The new issue of Plein Air Magazine celebrates top painters who opt for pastels. In addition to sharing a passion for the work that’s contagious, the featured artists demystify pastels, busting myths about their versatility and longevity.
The More We Know
At last year’s Plein Air Convention & Expo, Richard McKinley gave a presentation, “Why Pastels Are Perfect for Plein Air.” The theme resonated with me and sparked the idea for a series of articles for the magazine.
For many, media such as pastel, watercolor, or acrylic might not come first to mind when they think about plein air painting. But are there qualities of these media that actually make them particularly well-suited to painting outdoors? Have there not been artists using these media to create master works, both in the studio and en plein air, for centuries?
In the previous issue of Plein Air Magazine, we looked at how six accomplished artists use watercolor in the field. In this issue, we hear from top painters who opt for pastels. And next issue, we’ll explore acrylics for plein air. In addition to sharing a passion for the work that’s contagious, the featured artists demystify these media, busting myths about their versatility and longevity. From the artists in this issue, five important takeaways about pastel include:
1. Soft pastels are created from mineral pigments, just like oils, acrylics, and watercolors, but they have the smallest amount of binder, making them almost pure color. (They are NOT chalk, which is compressed gypsum or limestone.)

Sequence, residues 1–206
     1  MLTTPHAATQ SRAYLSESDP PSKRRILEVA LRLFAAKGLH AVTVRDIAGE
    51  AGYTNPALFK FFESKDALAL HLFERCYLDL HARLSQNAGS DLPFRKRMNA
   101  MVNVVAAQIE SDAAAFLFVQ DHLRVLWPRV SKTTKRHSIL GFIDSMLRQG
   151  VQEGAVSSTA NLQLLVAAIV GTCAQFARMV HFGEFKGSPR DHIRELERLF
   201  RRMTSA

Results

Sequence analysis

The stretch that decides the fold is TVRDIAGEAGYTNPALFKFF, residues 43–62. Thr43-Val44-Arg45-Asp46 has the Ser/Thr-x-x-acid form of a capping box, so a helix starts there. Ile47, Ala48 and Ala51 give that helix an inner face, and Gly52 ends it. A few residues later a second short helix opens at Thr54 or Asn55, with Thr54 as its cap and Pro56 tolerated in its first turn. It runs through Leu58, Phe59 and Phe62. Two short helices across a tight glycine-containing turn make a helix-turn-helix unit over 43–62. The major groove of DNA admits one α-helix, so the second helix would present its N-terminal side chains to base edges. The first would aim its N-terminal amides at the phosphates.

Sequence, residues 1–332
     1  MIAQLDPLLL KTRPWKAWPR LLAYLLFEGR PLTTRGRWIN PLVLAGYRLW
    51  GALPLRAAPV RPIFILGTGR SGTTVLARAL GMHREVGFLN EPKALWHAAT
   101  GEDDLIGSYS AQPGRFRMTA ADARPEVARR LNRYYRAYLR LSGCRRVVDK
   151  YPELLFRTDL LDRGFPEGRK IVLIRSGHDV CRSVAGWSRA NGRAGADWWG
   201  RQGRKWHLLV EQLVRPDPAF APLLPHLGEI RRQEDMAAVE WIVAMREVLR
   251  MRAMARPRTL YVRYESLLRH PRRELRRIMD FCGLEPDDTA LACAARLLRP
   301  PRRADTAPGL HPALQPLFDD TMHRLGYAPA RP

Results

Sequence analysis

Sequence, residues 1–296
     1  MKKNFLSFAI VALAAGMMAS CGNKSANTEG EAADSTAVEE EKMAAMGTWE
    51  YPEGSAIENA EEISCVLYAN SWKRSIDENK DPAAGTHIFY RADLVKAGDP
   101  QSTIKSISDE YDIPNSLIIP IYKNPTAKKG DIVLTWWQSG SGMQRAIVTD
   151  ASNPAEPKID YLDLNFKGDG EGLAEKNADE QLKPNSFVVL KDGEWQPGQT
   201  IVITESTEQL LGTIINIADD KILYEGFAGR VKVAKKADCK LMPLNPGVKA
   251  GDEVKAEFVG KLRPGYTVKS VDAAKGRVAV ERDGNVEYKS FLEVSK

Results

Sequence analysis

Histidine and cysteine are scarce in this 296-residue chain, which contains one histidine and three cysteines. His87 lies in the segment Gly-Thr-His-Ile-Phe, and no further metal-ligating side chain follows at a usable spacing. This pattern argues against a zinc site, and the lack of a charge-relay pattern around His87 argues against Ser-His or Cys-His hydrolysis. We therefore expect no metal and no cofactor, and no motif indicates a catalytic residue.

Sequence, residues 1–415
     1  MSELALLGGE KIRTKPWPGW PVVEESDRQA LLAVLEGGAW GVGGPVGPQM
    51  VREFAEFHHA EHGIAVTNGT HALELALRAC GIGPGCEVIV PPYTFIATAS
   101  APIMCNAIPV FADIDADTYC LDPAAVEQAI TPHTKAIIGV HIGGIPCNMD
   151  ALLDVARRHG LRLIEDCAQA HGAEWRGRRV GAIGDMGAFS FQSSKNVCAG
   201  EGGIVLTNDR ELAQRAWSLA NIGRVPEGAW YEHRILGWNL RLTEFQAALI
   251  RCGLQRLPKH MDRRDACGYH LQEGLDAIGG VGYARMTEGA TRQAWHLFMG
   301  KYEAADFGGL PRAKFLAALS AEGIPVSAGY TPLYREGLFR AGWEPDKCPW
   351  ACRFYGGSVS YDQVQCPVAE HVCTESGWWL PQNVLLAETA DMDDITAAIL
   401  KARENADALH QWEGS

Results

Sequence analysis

2. Collectors may be worried about pastels fading, but they are actually the most lightfast of all media since they have so little binder. Once framed, they are more permanent than oils; there are no chemicals to change, no varnishes to darken or yellow them, no cracking.
3. Pastel is easier to clean up and doesn’t ruin clothing or car interiors as easily as some wet media.
4. Used since the Renaissance, pastels were favored by both Leonardo da Vinci and Michelangelo. In the 1700s, elite Europeans had their portraits created in pastel, but the Impressionists are most well-known for using the medium to its full potential.
5. When painting plein air with pastels, setup is as simple as opening a paint box — no need to squeeze out a lot of paint or mix colors.
To cap off our pastel coverage, we’re fortunate to have Albert Handell as our cover artist. In this issue, he shares a lifetime of painting wisdom and masterful plein air work. He’s joined in the lineup by talented artists working in all media who share their own unique ways of seeing and approaching their subject matter.
The one thing they have in common is that they’ve put in the hours at the easel, figuring out what they want to say with their paintings and the right materials that allow them to do that — sometimes switching comfortably between media depending on the light and weather conditions and what they want to convey about the landscapes before them.
Whether you’re a painter, collector, or simply an art lover, it’s important to educate yourself, to be exposed to a variety of styles, media, and subjects. Through this process, you’ll find what excites you, what suits your way of working, or what aesthetic you want to create with your art collection. In his Publisher’s Letter, Eric Rhoads encourages us to make 2020 a year of learning. And we know many of us are already doing just that — experimenting with new techniques and materials, or exploring new creative pathways in our work by exaggerating color, playing with composition, or focusing on a single subject in a series. The more we know, the richer and more fulfilling our experience. Let’s take this journey of discovery together.
Plein Air Magazine, August/September Table of Contents: